"It's impossible that something hasn't changed. Unless, of course, our own timeline was already affected."

"Already affected…?" Will groaned with a shake of his head. "This is going to give me headache, isn't it?"

"Think about it, Will," she said, straightening and turning to face him. He recognized the spark in her eye—she was in teacher mode. "I had to wait 113 years for me to enter Adam's portal before I could return to the Sanctuary. It puts our world into a continuous loop, and therefore it is entirely likely I was not the first Helen Magnus to travel back in time. Which means that the world I knew, the one I was trying to preserve, might have already had been affected by a Helen Magnus lurking in seclusion, as I was."

Will considered it for a moment, then nodded very slowly… he wasn't sure he understood completely. "I suppose that makes sense. Kind of…"

Her gaze fell to her lap, where her hands twisted themselves worriedly. He noticed the motion for what it was—113 years had done a number on her ability to hide her emotions, it seemed. She had something to tell him, and she wasn't sure how he would handle it.

He immediately braced himself, dead set on not reacting like he had when she'd told him the truth about Adam. Whatever it was, she didn't need judgment—she needed support. She needed a friend, when for a century she hadn't had anything more than once-a-decade visits from James Watson.

"I have a confession to make, Will." Her voice was husky with nervous energy, uncertain guilt clouding her features. But he let her continue, knowing better than to interrupt. "The closer I got to the end, to the point when I could return, I— I wasn't exactly as… isolated as I should have been."

For a long moment, the only sound heard was the whisper of wind scraping across the rooftop.

"By then—" Her voice caught painfully, but she powered through it. "By then even the smallest changes I might have made in 1898 would have had massive repercussions, and… I kept thinking of everything that might have gone wrong since James' last visit—"

She sucked in a deep, steadying breath.

"I had to be sure."

Will swallowed thickly. He wasn't sure what was coming, but her pain was tangible, and he could feel it as sharply as if it was his own.

"So you checked up on us," he guessed softly. "You made sure things were right." When she nodded, he nodded back. "And they were?"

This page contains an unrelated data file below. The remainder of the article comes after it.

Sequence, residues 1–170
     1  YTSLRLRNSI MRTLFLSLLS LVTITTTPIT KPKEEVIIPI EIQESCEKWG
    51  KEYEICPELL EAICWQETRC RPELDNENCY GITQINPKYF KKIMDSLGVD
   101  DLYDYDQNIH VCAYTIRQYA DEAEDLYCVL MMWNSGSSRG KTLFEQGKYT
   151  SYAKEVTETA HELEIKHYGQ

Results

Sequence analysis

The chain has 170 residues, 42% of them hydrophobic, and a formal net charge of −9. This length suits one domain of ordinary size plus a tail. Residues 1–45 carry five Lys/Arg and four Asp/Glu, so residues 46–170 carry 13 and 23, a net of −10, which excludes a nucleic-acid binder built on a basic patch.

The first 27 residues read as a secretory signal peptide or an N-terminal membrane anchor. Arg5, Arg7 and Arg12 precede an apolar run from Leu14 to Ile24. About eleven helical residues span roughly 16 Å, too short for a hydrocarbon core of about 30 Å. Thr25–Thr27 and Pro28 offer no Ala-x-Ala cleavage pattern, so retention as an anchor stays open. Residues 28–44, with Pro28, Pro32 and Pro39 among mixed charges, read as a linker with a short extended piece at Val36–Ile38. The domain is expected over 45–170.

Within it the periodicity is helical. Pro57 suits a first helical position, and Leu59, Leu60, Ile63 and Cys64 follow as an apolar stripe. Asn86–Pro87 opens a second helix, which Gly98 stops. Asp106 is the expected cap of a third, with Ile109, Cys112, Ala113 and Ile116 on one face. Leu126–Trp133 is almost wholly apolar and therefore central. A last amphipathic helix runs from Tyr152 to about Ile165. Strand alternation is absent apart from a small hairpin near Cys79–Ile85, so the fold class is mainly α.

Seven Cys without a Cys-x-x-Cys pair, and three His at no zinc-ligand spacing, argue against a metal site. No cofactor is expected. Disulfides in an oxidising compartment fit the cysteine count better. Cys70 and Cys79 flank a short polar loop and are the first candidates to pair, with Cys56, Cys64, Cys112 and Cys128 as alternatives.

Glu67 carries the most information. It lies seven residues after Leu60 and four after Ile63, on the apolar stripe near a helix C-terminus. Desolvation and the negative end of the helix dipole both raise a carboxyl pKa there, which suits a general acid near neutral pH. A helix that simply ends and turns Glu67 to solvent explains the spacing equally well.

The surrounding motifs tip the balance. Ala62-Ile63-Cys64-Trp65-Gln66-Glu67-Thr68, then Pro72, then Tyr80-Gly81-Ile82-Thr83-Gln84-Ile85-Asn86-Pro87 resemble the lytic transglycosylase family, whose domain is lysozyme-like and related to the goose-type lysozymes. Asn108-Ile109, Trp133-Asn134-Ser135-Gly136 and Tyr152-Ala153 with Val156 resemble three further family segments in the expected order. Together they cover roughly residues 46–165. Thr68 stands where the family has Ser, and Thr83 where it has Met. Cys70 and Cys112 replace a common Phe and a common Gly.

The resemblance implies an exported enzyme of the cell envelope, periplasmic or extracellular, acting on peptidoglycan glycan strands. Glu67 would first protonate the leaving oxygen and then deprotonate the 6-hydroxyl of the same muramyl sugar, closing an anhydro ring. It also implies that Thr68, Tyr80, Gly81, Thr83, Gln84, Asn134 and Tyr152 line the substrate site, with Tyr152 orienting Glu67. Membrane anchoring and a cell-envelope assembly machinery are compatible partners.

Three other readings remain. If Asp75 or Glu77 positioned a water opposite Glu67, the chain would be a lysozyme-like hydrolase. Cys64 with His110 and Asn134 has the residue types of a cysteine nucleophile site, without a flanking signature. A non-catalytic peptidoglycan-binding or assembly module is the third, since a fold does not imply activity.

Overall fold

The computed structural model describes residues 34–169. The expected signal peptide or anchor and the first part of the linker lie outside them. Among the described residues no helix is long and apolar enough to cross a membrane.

For the first time, he wondered whether this really was the future she had waited for. If he was the same person she had known. Indescribable relief flooded him when her head bobbed in affirmation.

"That's good… right?"

A choked sob escaped her, sounding almost like a cough—but he knew better. Tears gleamed down her cheeks in the moonlight, and her shoulders trembled. Her hair fell across her features, hiding her from his view, but her anguish filled the air with a palpable tension.

"I saw her, Will," she whispered. "I shouldn't have, I know that. I do, I just—I couldn't suffer all that loneliness and not see her one last time, and…" Her fingers clenched into fists in her lap. "I wanted to save her, Will. I came so close to just sweeping her up and spiriting her away, and I—"

She cut herself abruptly, as though ashamed of her weakness. He didn't know what she expected him to say—blow up, probably, spouting the virtues of the time-space continuum. But there was no way in hell he could ever fault her for this.


His arm snaked around her again, and this time she turned into him willingly. Her arms wrapped around him, embracing him with a strangled, wordless moan. Her chin rested over his shoulder, and when he heard a sniff issue from somewhere below his ear, his heart broke for her.

His eyes closed, as though it might shut out the trembling of her shoulders or her shuddering breaths. It didn't.

"Why?" he asked softly. "Why do that to yourself?"

She pulled away, and he was suddenly afraid he'd said the wrong thing. "I needed to. I needed closure—I had to say good-bye. I never got a chance, and when it fell into my lap I—I just couldn't—"

"You're right," he said, desperate to ease the anguish that poured from her in waves. He put a hand on her shoulder, steadying her. "I get it, I'm sorry. It's just—"

He wasn't used to seeing her hurt so much. And to see her so vulnerable… it unnerved him. But he couldn't tell her that, and he had no idea what to say that wouldn't sound false in the face of so much emotion.

"I left the country," she continued, her voice husky—flat. "When the time came, I— I couldn't be close. Not then. I couldn't watch it happen again…"

"I know. It's okay, Magnus…" He took her hand, covering it with his. "The important thing is that it helped you." He looked her in the eye. "Did it?"

There was a long beat of silence, and then her eyes closed. Her head nodded slowly, and peace stole over her features. She exhaled gently. "I think it did."

"Good," Will deemed. When she didn't meet his gaze, he ducked his head. "Look at me."

Blue eyes tracked to his, and he held them unwaveringly.

"If there is one good thing that came out of all this, then you hold onto that. Forget everything else, you hear me? Hold onto that one good thing."

She didn't respond for a long minute. But just when he thought she might burst into tears, her features softened, and her lips curled into a tremulous smile. Her hand—chilled, but welcome—cupped his jaw, and she leaned in to press a kiss to his cheek. It affection was tender, and when she pulled back her eyes glowed with warmth instead of tears.

"I missed you too, Will."

The confession was, and before he had a chance to respond, she continued.

"Come to my office later," she instructed him firmly. "I have a gift for you."

His intrigue was instantly sparked, but before he could ask any questions she was gone, gliding away with her mask of zen in place, only this time, the zen didn't seem forced. This time, her peace was an honest one.

Her smile was small but clear, devoid of the mysticism that had plagued it for the past month. Maybe it was because she had lightened her burden just that slightest bit, or maybe because she was able to share the truth of that peace to one person whose opinion she cared about.

Will didn't know. He honestly didn't care.

All that mattered was that she'd smiled at all.